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Friendly Pet Birds or Outcasts: The Positives and Negatives of Imprinting – Part 2

In Part I of this article we examined the pros and cons of imprinting  – the process wherein an animal comes to see adults of another species as its natural parents – as regards birds in zoos, the pet trade and conservation programs.  Today I’d like to relate a few more of my experiences with imprinting as it related to the conservation of endangered birds and mammals.

Andean and California Condor Reintroductions

Rare birds raised for use in future release/re-stocking programs present a unique set of challenges.  Many are needed, and so pulling eggs to stimulate a second clutch is desirable.  However, birds raised by hand or under foster parents of another species face poor prospects for survival in the wild.

I have worked with both Andean and California condor chicks that were destined for future release into natural habitats.  These magnificent raptors are quick to imprint upon the people who feed them, so a novel solution was devised.  Keepers assigned to hand-feed condor chicks worked from behind a curtain, and presented food in the beak of hand puppet which closely resembled the head of an adult condor.  I’m happy to report that many hand-reared condors of both species successfully made the transition from captive to free-living existence.

Cows as Surrogate Mothers for Rare Species

Certain endangered mammals with which I’ve worked have presented particularly difficult dilemmas.  Gaur (rare wild cattle native to India and Southeast Asia) for example, breed readily in captivity but produce only 1 calf every 3-4 years.  In order to bolster this species’ numbers, captive female gaurs are sometimes chemically induced to produce several eggs instead of the usual single egg.

The extra eggs are implanted into domestic cows, which then give birth to and successfully raise baby gaurs.  However, cow-raised gaurs are not accepted by parent-raised gaurs.  Gaurs that are raised among domestic cows do not acquire normal gaur behaviors (i.e. appropriate reactions to dominant animals) and are attacked when integrated into gaur herds.  They rarely breed, and hence do not contribute to the species’ survival prospects.


Captive-born female gorillas are often unable to raise their own young, lacking examples and mentors in the form of older females, as would be the case in the wild (some zoos have tried “training films, to no avail!).  Hence many must be hand-raised (please see photo), but these too are often ostracized by other gorillas and rarely reproduce.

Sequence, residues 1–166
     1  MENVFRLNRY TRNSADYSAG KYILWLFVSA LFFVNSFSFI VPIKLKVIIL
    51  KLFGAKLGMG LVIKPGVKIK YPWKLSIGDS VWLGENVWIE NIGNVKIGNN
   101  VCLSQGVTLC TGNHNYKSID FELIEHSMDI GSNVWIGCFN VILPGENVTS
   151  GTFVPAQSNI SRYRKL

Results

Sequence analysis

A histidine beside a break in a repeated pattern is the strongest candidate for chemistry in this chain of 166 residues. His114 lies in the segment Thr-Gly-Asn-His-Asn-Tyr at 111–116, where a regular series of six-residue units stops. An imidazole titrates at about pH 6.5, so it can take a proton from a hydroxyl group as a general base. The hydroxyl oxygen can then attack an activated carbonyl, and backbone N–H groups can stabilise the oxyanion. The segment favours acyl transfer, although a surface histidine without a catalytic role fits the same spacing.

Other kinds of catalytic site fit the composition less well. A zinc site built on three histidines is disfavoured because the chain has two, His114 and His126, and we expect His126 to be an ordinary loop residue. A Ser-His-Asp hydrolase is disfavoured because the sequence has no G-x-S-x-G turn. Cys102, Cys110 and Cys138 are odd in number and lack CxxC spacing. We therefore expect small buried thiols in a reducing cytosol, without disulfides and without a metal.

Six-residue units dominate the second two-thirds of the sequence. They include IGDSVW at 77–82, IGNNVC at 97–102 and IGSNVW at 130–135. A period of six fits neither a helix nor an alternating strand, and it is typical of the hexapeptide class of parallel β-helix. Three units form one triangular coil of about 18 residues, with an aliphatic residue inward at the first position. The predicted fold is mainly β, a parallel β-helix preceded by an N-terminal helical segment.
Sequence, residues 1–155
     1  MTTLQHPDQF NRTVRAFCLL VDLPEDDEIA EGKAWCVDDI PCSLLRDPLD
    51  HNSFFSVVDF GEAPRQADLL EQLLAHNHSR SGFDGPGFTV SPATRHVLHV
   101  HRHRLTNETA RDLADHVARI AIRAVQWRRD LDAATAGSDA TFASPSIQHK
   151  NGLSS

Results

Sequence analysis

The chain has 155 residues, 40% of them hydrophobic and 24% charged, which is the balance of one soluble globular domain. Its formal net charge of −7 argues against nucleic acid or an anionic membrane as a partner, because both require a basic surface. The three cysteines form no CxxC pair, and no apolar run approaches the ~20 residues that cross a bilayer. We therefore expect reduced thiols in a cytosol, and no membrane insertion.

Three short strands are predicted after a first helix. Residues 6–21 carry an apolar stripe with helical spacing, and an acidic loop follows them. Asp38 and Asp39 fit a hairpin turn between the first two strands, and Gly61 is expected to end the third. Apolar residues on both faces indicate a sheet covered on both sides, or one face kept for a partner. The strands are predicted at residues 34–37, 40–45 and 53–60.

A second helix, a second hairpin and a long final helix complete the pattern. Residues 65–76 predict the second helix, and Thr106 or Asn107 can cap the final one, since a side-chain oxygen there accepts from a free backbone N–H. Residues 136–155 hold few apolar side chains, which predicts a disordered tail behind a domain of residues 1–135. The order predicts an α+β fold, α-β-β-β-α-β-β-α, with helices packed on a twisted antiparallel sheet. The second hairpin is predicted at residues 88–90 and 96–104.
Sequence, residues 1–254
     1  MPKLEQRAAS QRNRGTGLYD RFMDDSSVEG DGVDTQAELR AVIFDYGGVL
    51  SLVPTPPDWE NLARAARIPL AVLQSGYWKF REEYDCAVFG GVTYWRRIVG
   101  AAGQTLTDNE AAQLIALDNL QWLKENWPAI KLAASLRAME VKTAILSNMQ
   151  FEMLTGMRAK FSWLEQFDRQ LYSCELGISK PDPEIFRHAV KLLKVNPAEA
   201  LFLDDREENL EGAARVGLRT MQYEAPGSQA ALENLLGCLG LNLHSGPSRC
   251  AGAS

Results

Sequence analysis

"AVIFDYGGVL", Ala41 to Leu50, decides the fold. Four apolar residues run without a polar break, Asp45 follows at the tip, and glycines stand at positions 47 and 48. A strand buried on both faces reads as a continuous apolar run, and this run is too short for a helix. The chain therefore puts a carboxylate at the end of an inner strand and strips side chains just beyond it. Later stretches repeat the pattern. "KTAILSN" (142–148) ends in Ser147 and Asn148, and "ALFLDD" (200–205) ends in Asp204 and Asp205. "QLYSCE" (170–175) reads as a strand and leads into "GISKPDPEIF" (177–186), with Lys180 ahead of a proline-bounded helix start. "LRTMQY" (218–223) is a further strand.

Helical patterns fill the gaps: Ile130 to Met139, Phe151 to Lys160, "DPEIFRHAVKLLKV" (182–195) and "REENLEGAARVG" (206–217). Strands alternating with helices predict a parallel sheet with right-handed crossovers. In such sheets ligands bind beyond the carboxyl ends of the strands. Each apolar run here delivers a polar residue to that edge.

Further Reading

You can read more about the California condor reintroduction program at http://www.bigsurcalifornia.org/condors.html.



Friendly Pet Birds or Outcasts: The Positives and Negatives of Imprinting

In 1935 Austrian zoologist Konrad Lorenz published a ground-breaking paper describing how goslings that he raised came to regard him as, in essence, their “parent”.  Further work on this process, soon to be known as imprinting, led to the founding of the science of ethology, the study of animal behavior.

As every bird-keeper knows, chicks taken from the nest and hand-raised make the best pets.  Such birds are said to be imprinted upon people, and they relate very well to us. However, there are some other uses for and sides to imprinting.  Today I’d like to relate some of my experiences with an assortment of imprinted creatures.

I Like Mice, but….

My oddest bird story involves a great horned owl.  Irresistibly cute in its efforts to threaten me, the owlet had been found in a Bronx park and was being harassed by some children (amazingly, these huge owls still survive in NYC, where they dine upon rats, muskrats, roosting pigeons and cats).  I and my coworkers raised the owl, a male, and he became a favorite at classes and on visits to homes for the elderly.

When he matured, however, the owl developed the distressing habit of trying to jam a mouse into the mouth of any passing person, much as he would feed a potential mate under more usual circumstances.  Interestingly, the owl never tried to stuff the mouse into one’s ear…he knew what a mouth was, even though the objects of his affection lacked a hooked beak (or any beak!).

Foster Parents

The owl showed no interest in members of his own species, which brings me to a major problem where imprinted endangered species are concerned.  In zoo based conservation programs, we sometimes pull the eggs of endangered birds so as to stimulate the female to lay a second clutch.  The pulled eggs are often put under a brooding “foster mother” of a related species, and the chicks therefore become imprinted on bird species other than their own.  This has worked well for peregrine falcons fostered beneath prairie falcon hens, and for Mauritius pink pigeons, which are fostered under ring doves.

However, rare finches raised by zebra or society finches often pick up the songs of their foster parents, and prefer the foster species over their own species as mates.  As you can imagine, this seriously hampers efforts to increase the population of the endangered birds.


Further Reading

The future of the magnificent pink pigeon was first championed by conservation legend Gerard Durrell.  Read more at http://www.durrell.org/Animals/Birds/Mauritius-Pink-Pigeon/.

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